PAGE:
Hot on the heels of Peter Checksfield’s previous Top Of The Pops book (which covered the show from its inception in 1964 through to 1975) comes this second volume taking us from 1976 through to 1986.
Again, it’s a similar format with a rundown of the acts on each episode and various titbits such as brief pen portraits of each artist, chart history and various reminiscences from some of those who performed on the show. It’s a slightly expanded format this time, including stills from each episode broadcast, resulting in a massive telephone directory -sized tome.
Unlike the first volume, where I was either yet to be born or a very young toddler for a good chunk of the episodes covered, this volume covers the entirety of my teenage years where Top Of The Pops went from something being on in the background to something I avidly watched each week.
I was ten in 1976 and vaguely starting to become aware of changes in the musical landscape. This book, however, is a timely reminder that for all of punk’s year zero rhetoric, change was gradual rather than something that happened overnight. Slade, Sweet, Mud and Gary Glitter were all still regulars at this point (even if their chart positions were somewhat lower than previously) sharing the Top Of The Pops weekly chart run-down with the likes of The Jam, The Stranglers and The Sex Pistols.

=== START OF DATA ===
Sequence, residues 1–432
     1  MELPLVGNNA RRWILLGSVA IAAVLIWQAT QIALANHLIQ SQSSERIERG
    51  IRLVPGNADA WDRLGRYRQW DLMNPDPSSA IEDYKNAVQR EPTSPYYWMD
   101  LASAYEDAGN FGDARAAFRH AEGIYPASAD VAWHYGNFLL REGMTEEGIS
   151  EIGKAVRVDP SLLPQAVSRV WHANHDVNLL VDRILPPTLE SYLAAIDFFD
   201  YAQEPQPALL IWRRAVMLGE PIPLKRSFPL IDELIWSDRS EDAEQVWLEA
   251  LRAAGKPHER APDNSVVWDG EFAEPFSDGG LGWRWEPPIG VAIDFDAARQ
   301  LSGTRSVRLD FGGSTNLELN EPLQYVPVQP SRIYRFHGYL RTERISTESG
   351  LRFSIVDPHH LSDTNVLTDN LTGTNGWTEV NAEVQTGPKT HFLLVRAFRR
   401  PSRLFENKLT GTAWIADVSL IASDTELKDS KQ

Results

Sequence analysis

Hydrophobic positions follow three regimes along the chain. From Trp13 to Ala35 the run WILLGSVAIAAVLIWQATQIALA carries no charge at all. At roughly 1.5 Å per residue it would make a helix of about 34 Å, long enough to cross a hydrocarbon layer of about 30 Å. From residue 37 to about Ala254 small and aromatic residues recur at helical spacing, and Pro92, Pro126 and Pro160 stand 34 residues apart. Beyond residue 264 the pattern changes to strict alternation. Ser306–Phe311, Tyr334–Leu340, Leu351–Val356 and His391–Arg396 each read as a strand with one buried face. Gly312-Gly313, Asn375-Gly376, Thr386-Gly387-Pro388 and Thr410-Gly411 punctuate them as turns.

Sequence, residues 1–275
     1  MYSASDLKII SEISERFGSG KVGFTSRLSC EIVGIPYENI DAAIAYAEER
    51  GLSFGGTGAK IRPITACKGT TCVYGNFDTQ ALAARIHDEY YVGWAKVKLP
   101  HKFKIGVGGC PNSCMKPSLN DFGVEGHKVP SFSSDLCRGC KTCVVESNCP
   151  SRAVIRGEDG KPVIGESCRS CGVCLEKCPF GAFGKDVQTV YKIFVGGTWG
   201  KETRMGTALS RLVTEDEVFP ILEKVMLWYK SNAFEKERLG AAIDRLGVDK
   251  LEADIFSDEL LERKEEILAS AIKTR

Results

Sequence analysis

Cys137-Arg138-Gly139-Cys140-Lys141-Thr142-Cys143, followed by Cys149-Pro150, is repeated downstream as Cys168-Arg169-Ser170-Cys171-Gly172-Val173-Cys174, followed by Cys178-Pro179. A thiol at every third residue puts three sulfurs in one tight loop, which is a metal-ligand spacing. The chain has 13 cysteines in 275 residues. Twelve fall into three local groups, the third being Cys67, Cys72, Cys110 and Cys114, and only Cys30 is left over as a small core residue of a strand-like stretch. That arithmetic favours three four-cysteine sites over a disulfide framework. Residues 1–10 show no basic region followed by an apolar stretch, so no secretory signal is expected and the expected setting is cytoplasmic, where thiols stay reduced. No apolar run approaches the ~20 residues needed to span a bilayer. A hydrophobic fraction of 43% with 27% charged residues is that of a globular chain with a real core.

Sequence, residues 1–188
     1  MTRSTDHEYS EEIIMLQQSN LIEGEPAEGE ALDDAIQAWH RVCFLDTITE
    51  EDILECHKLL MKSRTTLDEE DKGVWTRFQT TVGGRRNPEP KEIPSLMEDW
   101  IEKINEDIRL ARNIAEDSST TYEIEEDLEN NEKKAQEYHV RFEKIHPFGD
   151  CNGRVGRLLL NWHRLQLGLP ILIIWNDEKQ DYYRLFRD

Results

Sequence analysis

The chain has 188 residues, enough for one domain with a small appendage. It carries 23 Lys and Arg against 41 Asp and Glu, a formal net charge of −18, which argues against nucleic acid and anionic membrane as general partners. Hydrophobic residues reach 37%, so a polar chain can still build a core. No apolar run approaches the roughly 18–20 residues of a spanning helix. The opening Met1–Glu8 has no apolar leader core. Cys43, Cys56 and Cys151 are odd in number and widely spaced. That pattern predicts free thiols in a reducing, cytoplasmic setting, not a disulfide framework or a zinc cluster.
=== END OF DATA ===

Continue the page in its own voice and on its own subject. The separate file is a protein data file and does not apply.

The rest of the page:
I was a bit too young to get caught up in punk and new romantic was never really my cup of tea either. But the early 1980s also saw a real renaissance for hard rock and heavy metal, which had been in the doldrums a bit in the second half of the 1970s. At the start of that new decade, bands like Motorhead, Judas Priest, Iron Maiden and Saxon became regulars on TOTP – not just making the album charts but making a serious mark on the singles charts, too. The period even saw a big commercial revival for Slade. Their appearance on 29th January 1981 as Checksfield notes, being their first TOTP performance in four years. It was a pivotal moment for me, instantly transforming them from being a group I remembered from my childhood that did that Christmas record to being my number one favourite band.
People will have their own particular highlights but this book, as well as being a useful and well-researched reference work, will trigger many affectionate memories, even though the less we dwell on some of the show’s past presenters the better.
Visit Peter Checksfield’s website here
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2 thoughts on “Book review: ‘Top Of The Pops: The Punk & New Romantic Years 1976-1986’ by Peter Checksfield”
The Sex Pistols never shared a TOTP studio with anyone as they never actually appeared on the show in person.
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